NRLA Chief Executive Ben Beadle says this month’s Autumn Statement was a missed opportunity to boost housing supply at a time of ever-increasing demand – with the decision to slash CGT allowance a slap in the face for landlords
Landlords will yet again be penalised by the government, with plans to slash the capital gains allowance revealed in this month’s Autumn Statement.
Chancellor Jeremy Hunt announced the annual Capital Gains Tax Allowance (CGT) will be cut from £12,300 to £6,000 next year, before being halved again to £3,000 from April 2024.
Landlords making a profit higher than this exempt amount will be taxed at a rate of 18% – or 28% for higher rate tax-payers – losing them thousands on sales.
This comes at a time when demand for rented housing is massively outstripping supply and when, more than ever, landlords need the support of the government rather than yet another tax hike.
This situation is unlikely to improve, with rising mortgage rates making homes- ownership increasingly unaffordable, with widening gap between supply and demand forcing rents up for tenants.
This was a real missed opportunity for the Chancellor, who has failed to realise the potential for housing to drive growth and deliver for the economy.
In our submission to the government ahead of the Autumn Statement, we explained that ending the Stamp Duty Levy on the purchase of new rental homes – introduced by George Osborne – could boost Government income by billions.
Research by analysts from Capital Economics suggests that scrapping the levy could boost Treasury revenue to the tune of £10 billion as a result of increased income and corporation tax receipts.
Instead, these cuts to Capital Gains Tax allowances will dissuade investment for years to come.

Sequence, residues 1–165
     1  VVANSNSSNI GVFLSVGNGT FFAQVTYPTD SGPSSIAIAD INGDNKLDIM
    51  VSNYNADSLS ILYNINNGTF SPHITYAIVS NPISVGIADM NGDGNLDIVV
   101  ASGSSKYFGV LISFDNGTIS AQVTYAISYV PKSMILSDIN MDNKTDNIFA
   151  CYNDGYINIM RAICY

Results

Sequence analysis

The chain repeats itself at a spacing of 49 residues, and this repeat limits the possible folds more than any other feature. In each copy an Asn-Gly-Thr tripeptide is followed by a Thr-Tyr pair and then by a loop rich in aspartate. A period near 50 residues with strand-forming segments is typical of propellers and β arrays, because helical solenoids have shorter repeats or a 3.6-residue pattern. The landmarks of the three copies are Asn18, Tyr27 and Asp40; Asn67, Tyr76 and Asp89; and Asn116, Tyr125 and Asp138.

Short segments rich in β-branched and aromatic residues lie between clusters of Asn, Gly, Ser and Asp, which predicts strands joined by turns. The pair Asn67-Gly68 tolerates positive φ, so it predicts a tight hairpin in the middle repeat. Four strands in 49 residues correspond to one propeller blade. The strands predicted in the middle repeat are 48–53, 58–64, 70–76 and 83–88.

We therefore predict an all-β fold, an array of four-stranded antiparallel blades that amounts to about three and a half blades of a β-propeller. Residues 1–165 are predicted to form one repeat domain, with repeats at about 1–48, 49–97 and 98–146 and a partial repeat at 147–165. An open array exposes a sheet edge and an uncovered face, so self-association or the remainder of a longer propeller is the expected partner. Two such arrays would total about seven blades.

The last thing landlords or tenants need is what is effectively a further tax hike on the private rented sector. All this will do is discourage investment in new homes to rent and drive up costs for renters, many of whom will already be struggling with the increased cost of living.
According to Zoopla, so far this year, the demand for private rented housing in the UK is up 142 per cent compared with the five-year average, whilst the supply of such homes has fallen by 46 per cent.
The trend of ever-increasing demand takes place despite the number of owner-occupied households in England, having increased by over one million in the past five years.
Something needs to be done to tackle this issue before it reaches crisis point. Some could argue it already has.
The NRLA is taking the lead on this by bringing together a working group of stakeholders from across the industry to develop a range of practical, pro-growth policies to support landlords to remain in the sector and continue to invest, to provide to homes to rent that this country so desperately needs.
About the Author
Ben Beadle is chief executive of the National Residential Landlords Association (NRLA), the UK’s largest trade body for landlords.
A landlord himself since the age of 20, Ben started out as property manager before working his way up through the ranks at Tenancy Deposit Scheme (TDS).
He was then Operations Director at property management business Touchstone before overseeing the merger of the National Residential Landlords Association (NLA) and Residential Landlords Association (RLA) to create the new trade body earlier this year.
His key aims as head of the organisation are to strengthen the voice of landlords in Westminster and Cardiff, to improve the reputation of landlords in the media and to support members through information, training and accreditation.
NRLA: The NRLA updates landlords on all the latest legislation changes affecting the sector and offers expert advice, training and other exclusive services and benefits.